MyPlate is a program of the US Department of Agriculture that promotes healthy eating and provides recommendations for those on a budget.
The program supports the recommendations in the Dietary Guidelines for Americans, the federal nutrition guide that provides advice on what to eat and drink to meet nutrient needs, promote health and prevent disease. This includes regularly consuming a variety of fruits, vegetables, grains, protein food and dairy and soy alternatives.
“There are many ways to fill up half of your plate with nutritious fruits and vegetables and other important food groups without spending too much,” says Michael Varon, MD, a family medicine physician at Scripps Coastal Medical Center Jefferson in Oceanside. “Fruits and vegetables are especially important because they provide vitamins and nutrients and can help reduce your risk of certain diseases.”
Follow these seven tips for healthy eating on a budget:
Most Americans don’t come close to filling their plates daily with enough fruits and vegetables. Don’t let price be a reason.
Buy in-season produce, which are usually less expensive and are at their peak flavor. Learn what’s in season now. While you’re at it, learn about the health benefits of a plant-based diet or about healthy diets that work, such as the Mediterranean diet.
If you don’t mind getting your hands a little dirty, you can also plant your own superfood garden.
Also, buy only what you can eat before it spoils.
Deciding beforehand what to put on the table for the week ahead can help you decide what to put in the shopping cart. Learn about budget-friendly healthy foods and stick to your list as much as possible.
Look over what you already have in the refrigerator and cabinets. Remember to use up the most perishable items before they pass their peak. And don’t forget: leftovers can taste pretty good.
Canned and frozen fruits and vegetables last much longer than fresh produce and provide a quick way to add them to your meal. Stock up on them when you find them on sale so they’re always on hand.
“Look for frozen vegetables without added sauces, gravies, butter, or cream and packaged fruits that do not have added sugars,” Dr. Varon recommends.
“Create a list of budget-friendly recipes to try that are healthy and that you know your family enjoys,” Dr. Varon advises.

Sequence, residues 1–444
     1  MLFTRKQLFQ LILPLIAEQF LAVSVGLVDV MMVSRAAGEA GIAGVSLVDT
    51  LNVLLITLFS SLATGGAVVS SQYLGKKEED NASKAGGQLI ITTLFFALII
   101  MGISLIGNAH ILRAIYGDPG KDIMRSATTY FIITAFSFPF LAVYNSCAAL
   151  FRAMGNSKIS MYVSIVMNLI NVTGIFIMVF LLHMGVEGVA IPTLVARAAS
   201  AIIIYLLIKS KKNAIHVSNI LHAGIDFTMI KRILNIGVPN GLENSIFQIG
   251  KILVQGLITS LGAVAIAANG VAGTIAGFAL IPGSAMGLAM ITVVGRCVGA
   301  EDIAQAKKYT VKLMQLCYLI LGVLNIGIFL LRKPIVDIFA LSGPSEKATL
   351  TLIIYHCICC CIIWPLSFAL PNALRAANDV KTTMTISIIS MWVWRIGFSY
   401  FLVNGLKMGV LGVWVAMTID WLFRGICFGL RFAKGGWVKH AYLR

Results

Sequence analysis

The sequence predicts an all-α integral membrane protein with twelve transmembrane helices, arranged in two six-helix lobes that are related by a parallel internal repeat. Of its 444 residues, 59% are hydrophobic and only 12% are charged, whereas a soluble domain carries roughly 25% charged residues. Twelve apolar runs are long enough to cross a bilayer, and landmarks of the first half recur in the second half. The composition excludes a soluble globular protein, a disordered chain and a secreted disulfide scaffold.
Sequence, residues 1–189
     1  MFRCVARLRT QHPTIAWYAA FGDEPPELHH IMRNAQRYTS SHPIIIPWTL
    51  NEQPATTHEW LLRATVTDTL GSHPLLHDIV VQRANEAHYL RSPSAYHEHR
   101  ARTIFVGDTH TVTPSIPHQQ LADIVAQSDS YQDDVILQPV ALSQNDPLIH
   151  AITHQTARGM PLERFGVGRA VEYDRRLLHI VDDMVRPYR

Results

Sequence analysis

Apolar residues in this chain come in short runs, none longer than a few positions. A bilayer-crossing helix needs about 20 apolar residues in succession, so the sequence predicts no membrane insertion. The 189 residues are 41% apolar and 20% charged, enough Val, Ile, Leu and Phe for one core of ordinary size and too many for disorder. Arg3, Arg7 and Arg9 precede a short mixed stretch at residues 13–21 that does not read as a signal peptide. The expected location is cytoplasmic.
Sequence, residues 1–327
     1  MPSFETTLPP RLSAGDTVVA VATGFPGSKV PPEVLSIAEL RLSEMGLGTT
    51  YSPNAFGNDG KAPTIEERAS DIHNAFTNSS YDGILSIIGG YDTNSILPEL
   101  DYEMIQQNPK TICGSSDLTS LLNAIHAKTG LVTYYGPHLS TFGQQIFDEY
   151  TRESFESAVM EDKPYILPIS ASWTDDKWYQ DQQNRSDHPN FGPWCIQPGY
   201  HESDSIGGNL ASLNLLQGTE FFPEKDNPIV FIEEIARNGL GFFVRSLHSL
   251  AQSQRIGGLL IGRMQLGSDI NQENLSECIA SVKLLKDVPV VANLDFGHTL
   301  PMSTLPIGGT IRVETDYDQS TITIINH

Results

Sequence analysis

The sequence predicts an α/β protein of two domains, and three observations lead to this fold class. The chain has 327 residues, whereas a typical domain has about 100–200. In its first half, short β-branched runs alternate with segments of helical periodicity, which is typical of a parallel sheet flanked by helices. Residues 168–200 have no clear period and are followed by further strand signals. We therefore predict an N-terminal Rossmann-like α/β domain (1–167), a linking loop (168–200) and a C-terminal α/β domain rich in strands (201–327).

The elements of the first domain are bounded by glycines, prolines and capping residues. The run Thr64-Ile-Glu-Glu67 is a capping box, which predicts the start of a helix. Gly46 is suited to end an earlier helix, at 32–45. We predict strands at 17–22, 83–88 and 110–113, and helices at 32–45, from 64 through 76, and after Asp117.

But if you’re looking for ideas, try recipes for:
Lack of time to prepare meals is often the main reason for eating out. If that’s the case, create a list of fast, simple healthy recipes that you can prepare at a moment’s notice at home. “These are healthy meals you can prepare in advance to heat and serve on your busiest days,” Dr. Varon says.
Remember that meals you prepare at home cost just a fraction of the price for a large meal that may be over salted or fat saturated but that you can easily find and buy at many fast-food restaurants. Dedicate the dollars you save to fresh, healthy choices at the grocers.
Proteins are vital for the health and maintenance of your body. Many of us meet the protein recommendations for meat, poultry and eggs but not for seafood, nuts, seeds and soy products, which can help increase intake of important nutrients.
Vary your protein choices and make sure to include seafood as the main protein food at least twice a week. Seafoods are more reasonably priced when you adjust portion sizes.
If you like meat, look for lean meats. Ground beef should at least be 93 percent lean. Nuts, beans and soy products can fulfill protein requirements and are much more affordable than prime cuts of beef.
Farmer’s markets, farm stands and ethnic and specialty markets frequently sell freshly harvested produce at a low cost.
Check the National Farmers Market Directory for locations near you. “Much of learning to eat healthy on a budget involves simply planning ahead and learning new shopping habits,” Dr. Varon says. “Once they become ingrained, you may be surprised by how much you save in both time and money.”